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Bipartisan bill aims to punish hired journalists

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    News Media Update         WASHINGTON, D.C.         Newsgathering         Feb. 22, 2005    

Bipartisan bill aims to punish hired journalists

  • A proposed bill would require jail time or fines for journalists who do not disclose payments to promote legislation.

Feb. 22, 2005 — A bill aiming to punish journalists who receive government payments to promote policies was introduced by Rep. Ric Keller (R-Fla.).

“The ‘Sunshine in Journalism Act of 2005’ would require that any journalist, print or broadcast, who receives federal taxpayer dollars to promote, oppose, or comment upon legislation, proposed legislation, or administration policies, fully disclose the amount with 30 days,” Keller said on his Web site. Any individual violator would have to pay a maximum of $5,000 in fines and/or spend a maximum of 30 days in jail. The fine would be boosted to a maximum of $10,000 for any organization that violated the act.

The bill follows disclosure of the Department of Education’s $240,000 payment to reporter Armstrong Williams for support of the “No Child Left Behind Act.” The payment resulted in a Presidential order to ban all payments from cabinet agencies to promote legislation through the news media.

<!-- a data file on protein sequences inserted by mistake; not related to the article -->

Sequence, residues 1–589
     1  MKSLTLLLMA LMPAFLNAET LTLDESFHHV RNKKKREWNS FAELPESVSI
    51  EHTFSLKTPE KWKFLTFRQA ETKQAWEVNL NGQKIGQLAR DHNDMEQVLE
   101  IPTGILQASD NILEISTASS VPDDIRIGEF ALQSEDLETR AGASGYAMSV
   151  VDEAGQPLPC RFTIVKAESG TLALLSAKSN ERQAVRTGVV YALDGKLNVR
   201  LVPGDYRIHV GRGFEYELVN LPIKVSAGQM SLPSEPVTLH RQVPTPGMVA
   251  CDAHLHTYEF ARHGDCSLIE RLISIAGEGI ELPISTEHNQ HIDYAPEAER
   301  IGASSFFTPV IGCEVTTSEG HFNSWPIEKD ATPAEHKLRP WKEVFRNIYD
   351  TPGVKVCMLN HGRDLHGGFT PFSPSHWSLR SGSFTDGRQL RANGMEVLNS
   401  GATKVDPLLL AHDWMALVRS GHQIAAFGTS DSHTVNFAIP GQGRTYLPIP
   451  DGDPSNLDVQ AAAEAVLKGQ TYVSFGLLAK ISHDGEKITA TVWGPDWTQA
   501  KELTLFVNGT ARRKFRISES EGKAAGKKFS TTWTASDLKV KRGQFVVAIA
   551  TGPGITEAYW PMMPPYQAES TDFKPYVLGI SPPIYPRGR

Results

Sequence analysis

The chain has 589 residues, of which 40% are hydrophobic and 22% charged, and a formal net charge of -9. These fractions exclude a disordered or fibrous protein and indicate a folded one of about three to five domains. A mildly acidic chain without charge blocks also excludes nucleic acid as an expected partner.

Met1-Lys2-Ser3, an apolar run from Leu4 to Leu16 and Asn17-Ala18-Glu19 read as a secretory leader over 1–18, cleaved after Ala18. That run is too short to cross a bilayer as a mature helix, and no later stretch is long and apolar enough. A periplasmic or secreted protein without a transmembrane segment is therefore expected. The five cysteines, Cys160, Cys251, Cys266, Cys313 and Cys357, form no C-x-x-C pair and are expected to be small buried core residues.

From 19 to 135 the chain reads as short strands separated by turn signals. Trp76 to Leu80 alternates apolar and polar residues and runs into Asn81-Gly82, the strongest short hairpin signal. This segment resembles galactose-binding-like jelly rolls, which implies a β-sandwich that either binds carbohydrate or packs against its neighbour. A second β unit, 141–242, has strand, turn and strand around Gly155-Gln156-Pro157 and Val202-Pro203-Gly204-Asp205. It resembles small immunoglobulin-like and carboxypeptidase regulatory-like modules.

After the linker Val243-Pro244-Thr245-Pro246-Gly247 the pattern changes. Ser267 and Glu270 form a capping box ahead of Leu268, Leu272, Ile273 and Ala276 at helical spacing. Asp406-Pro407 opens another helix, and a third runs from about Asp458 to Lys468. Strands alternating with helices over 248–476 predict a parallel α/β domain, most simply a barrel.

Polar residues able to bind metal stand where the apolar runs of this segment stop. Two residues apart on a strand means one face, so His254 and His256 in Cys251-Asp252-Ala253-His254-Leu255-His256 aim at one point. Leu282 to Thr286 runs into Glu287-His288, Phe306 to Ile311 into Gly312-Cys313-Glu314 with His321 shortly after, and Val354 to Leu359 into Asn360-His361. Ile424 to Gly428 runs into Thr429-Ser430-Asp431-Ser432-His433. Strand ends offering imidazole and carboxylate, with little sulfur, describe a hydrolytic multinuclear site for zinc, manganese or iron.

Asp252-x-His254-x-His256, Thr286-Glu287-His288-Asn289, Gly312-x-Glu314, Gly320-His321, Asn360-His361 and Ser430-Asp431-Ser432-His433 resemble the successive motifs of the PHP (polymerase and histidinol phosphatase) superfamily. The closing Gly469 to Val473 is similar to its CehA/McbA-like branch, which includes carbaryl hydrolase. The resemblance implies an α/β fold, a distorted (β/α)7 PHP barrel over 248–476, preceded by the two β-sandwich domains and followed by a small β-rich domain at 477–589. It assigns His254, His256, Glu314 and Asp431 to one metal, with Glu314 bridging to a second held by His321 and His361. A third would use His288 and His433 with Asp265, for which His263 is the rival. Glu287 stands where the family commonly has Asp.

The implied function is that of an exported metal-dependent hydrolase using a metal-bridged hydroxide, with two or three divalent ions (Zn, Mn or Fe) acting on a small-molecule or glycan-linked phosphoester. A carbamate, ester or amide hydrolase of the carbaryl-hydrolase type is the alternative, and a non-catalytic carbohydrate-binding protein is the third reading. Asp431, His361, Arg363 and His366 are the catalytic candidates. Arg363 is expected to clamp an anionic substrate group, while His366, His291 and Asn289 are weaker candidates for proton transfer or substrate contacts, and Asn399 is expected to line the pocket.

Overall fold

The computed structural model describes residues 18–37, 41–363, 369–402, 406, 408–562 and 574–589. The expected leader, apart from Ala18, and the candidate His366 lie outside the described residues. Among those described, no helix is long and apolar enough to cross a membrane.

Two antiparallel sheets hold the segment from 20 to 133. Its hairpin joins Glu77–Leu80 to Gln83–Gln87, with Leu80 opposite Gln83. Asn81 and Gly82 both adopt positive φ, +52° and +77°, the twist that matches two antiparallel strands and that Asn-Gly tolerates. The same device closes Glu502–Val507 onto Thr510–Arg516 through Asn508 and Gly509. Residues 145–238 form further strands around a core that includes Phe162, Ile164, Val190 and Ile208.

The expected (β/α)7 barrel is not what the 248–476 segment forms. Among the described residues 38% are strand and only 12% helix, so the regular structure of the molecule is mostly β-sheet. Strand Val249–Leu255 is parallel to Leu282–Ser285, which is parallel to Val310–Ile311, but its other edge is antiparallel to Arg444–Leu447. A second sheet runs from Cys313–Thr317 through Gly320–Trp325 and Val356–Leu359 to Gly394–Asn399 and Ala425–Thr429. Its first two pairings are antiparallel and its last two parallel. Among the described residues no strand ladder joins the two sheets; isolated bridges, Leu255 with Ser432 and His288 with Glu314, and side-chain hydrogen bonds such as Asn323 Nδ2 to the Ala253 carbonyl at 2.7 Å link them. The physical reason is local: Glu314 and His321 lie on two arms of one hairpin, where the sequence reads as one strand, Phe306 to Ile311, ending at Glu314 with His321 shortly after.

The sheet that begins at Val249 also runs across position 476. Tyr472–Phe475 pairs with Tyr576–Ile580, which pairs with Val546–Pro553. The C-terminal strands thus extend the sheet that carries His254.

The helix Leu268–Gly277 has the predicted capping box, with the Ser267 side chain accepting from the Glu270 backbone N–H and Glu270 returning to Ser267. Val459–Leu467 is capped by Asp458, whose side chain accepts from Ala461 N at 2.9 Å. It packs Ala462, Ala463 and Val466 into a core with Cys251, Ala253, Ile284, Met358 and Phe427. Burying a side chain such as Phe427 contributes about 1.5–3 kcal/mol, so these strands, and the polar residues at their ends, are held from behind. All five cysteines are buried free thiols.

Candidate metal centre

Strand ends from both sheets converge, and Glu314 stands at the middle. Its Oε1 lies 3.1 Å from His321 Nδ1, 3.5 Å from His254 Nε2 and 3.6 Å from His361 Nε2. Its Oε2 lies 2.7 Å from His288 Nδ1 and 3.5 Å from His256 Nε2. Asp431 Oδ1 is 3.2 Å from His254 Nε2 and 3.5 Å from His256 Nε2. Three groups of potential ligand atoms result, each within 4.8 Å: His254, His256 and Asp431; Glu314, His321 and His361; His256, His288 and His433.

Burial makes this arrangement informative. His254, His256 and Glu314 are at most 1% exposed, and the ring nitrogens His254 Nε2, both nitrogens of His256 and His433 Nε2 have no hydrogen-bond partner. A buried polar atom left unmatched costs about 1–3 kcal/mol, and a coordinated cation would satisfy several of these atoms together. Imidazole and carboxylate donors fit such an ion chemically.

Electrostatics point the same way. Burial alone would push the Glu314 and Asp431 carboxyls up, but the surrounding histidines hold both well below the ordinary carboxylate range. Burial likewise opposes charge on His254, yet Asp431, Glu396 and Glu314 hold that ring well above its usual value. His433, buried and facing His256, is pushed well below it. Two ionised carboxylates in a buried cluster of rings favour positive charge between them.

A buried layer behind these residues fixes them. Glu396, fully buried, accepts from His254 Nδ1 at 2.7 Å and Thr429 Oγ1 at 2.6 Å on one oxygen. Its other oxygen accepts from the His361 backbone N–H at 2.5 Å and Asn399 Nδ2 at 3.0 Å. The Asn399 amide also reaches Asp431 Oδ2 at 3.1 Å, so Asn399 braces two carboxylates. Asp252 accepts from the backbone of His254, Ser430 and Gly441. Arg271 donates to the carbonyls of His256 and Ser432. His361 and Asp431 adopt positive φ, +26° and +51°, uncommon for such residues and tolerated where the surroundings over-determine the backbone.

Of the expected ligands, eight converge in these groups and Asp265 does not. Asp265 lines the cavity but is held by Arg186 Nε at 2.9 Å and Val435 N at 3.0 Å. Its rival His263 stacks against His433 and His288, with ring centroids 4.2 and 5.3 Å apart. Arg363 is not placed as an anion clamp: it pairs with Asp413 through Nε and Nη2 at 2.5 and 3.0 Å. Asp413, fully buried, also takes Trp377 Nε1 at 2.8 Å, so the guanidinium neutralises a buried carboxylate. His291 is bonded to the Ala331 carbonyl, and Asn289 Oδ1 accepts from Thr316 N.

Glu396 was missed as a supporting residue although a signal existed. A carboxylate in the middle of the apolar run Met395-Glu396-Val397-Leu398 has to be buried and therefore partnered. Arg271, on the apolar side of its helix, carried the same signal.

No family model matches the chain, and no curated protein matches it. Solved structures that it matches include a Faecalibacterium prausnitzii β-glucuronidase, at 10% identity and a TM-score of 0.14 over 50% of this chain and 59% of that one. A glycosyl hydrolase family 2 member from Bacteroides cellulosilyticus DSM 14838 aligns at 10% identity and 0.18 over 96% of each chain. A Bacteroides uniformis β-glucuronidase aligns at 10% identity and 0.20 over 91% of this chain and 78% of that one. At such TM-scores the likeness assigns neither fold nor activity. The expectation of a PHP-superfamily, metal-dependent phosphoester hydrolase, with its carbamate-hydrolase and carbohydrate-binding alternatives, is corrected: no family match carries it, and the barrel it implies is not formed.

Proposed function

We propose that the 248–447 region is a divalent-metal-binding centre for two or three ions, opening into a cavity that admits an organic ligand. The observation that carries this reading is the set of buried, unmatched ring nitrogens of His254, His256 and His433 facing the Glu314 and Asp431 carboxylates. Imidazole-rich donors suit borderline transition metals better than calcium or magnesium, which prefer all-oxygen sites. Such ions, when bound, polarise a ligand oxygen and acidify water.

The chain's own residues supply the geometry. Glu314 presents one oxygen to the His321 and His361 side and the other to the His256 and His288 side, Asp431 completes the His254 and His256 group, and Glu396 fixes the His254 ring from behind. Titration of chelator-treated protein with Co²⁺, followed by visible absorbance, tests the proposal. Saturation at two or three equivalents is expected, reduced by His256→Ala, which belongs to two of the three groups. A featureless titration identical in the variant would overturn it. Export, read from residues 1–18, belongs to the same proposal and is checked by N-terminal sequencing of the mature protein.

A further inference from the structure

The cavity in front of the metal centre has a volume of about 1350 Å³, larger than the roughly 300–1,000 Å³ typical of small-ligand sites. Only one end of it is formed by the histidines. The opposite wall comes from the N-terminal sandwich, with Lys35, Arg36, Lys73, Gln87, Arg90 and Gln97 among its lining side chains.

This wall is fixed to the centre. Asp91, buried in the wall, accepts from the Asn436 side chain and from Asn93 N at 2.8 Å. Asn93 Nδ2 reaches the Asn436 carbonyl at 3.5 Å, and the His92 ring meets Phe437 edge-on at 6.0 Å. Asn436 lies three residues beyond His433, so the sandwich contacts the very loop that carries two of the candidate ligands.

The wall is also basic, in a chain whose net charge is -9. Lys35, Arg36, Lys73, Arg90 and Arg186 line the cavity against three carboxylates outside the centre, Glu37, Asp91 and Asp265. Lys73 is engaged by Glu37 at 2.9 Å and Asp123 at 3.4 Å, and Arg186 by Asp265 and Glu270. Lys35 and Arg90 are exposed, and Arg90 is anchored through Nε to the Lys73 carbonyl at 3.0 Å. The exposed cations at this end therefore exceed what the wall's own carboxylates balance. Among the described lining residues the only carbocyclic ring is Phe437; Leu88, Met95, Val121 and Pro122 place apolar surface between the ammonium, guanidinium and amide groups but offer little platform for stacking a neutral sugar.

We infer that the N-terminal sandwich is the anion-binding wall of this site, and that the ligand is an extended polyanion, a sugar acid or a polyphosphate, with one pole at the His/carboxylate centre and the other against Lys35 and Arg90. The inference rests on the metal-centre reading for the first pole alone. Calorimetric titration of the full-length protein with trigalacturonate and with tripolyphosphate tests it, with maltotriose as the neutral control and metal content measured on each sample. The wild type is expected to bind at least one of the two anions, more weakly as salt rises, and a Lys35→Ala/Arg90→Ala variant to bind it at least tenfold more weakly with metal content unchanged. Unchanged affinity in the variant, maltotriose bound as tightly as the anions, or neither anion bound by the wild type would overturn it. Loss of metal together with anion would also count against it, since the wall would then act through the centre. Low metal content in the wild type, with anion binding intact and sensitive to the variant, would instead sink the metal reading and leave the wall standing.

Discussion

The bill also defines print and broadcast journalists. A print journalist is “a person employed by a newspaper, magazine, or other publication which is in one or more issues each year in interstate commerce . . . devoted to the dissemination of news and editorial opinion.” A broadcast journalist is “a person employed by a radio, television, or cable network channel which broadcasts . . . news and editorial opinion.”

Co-sponsors of the measure are Reps. William Clay (D-Mo.) and Pat Tiberi (R-Ohio). It was referred to the House Committee on the Judiciary.

(H.R. 649)AB

© 2005 The Reporters Committee for Freedom of the Press

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